Anita Sarkeesian announced this morning that she is choosing to shut down Feminist Frequency after 14 years of operation.
Sarkeesian, founder and executive director of the nonprofit, said in her post that the choice to close the influential project comes after quite some time of increasing burnout, despite, or perhaps because of, the importance and influence of the work.
“I’m exhausted. I know that it’s not unusual for nonprofits to have a life cycle shorter than a lot of people would like, but there are unique challenges when they’re so entwined with an individual (me) who has become a symbol (oops), for better and for worse,” Sarkeesian said. “I’m hoping that it will be valuable to share the reality of the bone-deep burnout that comes from consistently saying yes to the growth of Feminist Frequency, often at the expense of protecting my personal boundaries, and the workload of our team.”
The plan is for the organization to gradually reduce its operations over the coming months, shutting down completely in early 2024. They have already stopped accepting new donations, with plans to present a final annual report around closing time next year.
As for other projects under the organization’s umbrella, the podcast Feminist Frequency Radio will continue with its current co-host Kat Spada, with all archived video and audio content produced by Feminist Frequency remaining online. Additionally, the text-based Games and Online Harassment Hotline will continue to be available through September 30, with resources staying up on its website indefinitely. The Hotline’s director, Jae Lin, will continue to run the accountability support space Respec, which provides resources to help those who have caused harm within the industry take accountability.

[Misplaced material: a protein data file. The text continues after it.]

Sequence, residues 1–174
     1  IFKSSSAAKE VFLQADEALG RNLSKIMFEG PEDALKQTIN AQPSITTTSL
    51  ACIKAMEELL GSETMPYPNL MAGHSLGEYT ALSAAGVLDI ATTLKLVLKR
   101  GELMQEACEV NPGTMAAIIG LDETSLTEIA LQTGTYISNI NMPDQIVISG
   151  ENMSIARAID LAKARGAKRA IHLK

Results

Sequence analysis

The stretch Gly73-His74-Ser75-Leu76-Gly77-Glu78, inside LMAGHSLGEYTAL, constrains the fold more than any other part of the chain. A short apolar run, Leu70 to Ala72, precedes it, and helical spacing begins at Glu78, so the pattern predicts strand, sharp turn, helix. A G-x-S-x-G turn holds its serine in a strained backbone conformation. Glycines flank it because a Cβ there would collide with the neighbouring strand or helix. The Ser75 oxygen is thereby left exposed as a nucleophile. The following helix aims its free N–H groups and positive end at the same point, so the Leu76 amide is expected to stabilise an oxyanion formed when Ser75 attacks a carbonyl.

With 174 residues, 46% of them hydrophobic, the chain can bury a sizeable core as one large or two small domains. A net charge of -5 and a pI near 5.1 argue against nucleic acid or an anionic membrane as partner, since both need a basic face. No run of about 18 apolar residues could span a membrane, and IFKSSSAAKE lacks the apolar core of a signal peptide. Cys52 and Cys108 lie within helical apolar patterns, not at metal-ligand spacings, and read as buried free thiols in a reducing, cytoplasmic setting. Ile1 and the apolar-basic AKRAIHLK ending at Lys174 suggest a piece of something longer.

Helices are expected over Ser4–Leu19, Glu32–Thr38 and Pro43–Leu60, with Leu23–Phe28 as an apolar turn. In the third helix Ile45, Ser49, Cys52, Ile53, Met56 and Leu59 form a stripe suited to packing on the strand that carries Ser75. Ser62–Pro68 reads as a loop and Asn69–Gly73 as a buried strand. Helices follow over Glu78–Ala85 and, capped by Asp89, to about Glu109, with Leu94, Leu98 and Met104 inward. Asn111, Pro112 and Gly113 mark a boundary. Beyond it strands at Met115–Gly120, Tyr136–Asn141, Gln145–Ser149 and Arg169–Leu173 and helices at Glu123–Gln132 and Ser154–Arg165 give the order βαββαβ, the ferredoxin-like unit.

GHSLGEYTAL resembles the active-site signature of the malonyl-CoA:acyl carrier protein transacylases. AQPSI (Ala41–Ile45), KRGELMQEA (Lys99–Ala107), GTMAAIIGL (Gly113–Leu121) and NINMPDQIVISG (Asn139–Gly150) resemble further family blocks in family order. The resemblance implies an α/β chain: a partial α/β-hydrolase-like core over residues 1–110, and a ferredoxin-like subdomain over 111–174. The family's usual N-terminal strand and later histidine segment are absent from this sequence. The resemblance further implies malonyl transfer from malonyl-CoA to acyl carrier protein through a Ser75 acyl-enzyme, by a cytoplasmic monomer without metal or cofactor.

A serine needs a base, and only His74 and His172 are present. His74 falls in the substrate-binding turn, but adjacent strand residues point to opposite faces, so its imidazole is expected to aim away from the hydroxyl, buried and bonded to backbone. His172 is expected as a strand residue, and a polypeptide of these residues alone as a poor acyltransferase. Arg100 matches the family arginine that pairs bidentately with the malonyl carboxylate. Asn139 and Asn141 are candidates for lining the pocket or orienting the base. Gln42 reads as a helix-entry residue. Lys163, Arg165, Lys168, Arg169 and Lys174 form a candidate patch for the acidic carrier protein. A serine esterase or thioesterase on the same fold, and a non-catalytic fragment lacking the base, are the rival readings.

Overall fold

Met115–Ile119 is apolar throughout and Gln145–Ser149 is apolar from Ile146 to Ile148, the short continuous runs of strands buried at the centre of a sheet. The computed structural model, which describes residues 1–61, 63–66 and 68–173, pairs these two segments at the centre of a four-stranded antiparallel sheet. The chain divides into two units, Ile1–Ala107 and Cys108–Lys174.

“It was so meaningful to grow the Games Hotline out of Feminist Frequency; it made all the difference in the world to be a project that was created and led by directly-impacted people,” Lin said on the project’s closure. It’s been a privilege to reach nearly 650 people and support them in their moments of struggle, need, loneliness, hopelessness, anger, hurt, and everything in between. For three years, we got to offer this unique resource to the games community that was infused with compassion, trauma-informed care, social justice and abolitionist values, digital security guidance, and games industry and cultural awareness, and it really mattered.”
Over the course of its run, Feminist Frequency has been highly influential in elevating discussion both of the portrayal of women in videogames and the treatment of women in the industry. Numerous major developers have attested that the organization’s work influenced their own, and the organization’s publications have been widely celebrated, even receiving a Peabody award last year.